In the SAFIR01 trial, whole-genome analysis was performed in samples from 248 patients with metastatic breast cancer, and genomic alterations targetable by cancer drugs were found in 172 of the tumors.

Breast cancer was one of the first cancers for which oncologists were able to tailor treatments to a tumor's molecular characteristics. However, this form of personalized medicine typically depends on only a few measures, such as overexpression of HER2 or the presence of receptors for estrogen and progesterone.

Now Fabrice André, MD, PhD, of the Institute Gustave-Roussy in Villejuif, France, and colleagues have taken a broader look, analyzing biopsies from more than 400 patients with metastatic breast cancer in what they reported as the first large-scale trial of whole-genome cancer testing.

In the SAFIR01 trial, the team used array-comparative genomic hybridization to identify duplications or deletions throughout the genome and sequenced 2 genes—PI3 kinase and AKT1—that are often mutated in a variety of cancers.

André and his colleagues found that 172 of the 248 patients for whom they obtained results carried genomic changes targeted by drugs that are currently under development. One example of these alterations is an amplification of the MDM2 gene; 2 phase I trials of an MDM2 inhibitor are under way for patients with leukemia, lymphoma, or solid tumors.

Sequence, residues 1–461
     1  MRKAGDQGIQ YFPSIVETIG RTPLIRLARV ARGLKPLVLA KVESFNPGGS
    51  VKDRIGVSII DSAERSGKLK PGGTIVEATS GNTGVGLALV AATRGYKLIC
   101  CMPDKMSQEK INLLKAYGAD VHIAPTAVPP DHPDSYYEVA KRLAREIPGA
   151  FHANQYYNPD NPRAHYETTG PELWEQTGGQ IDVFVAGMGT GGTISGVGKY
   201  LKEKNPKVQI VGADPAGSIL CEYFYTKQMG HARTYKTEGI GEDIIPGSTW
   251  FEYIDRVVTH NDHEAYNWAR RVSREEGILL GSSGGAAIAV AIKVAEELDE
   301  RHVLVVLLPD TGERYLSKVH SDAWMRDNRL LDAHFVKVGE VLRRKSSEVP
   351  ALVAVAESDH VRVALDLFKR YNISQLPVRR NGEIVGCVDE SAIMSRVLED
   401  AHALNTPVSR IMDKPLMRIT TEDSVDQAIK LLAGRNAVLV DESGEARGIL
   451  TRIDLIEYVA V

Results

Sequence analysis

Standard clinical techniques, such as testing for HER2 overexpression, would not have distinguished these individuals, André points out. As a result, 26 patients were able to receive targeted therapy through clinical trials. However, the team also found that about 20% of the subjects showed rare genomic alterations that aren't on the drug development agenda.

“We can do a whole-genome approach on a large number of patients in the context of daily practice,” says André, whose team presented its findings on October 1 at the ESMO 2012 Congress of the European Society for Medical Oncology in Vienna, Austria.

André says that the team plans to expand the analysis by sequencing 100 genes that are frequently mutated in breast cancer, using data compiled by the International Cancer Genome Consortium.

The researchers show that “it's possible to take biopsies from metastatic lesions, analyze them using genomic technologies, and apply that method on a large scale,” says Sherene Loi, MD, PhD, of the Jules Bordet Institute in Brussels, Belgium, who is not connected with the study. However, she adds that the unanswered question is whether and when the approach will help patients live longer.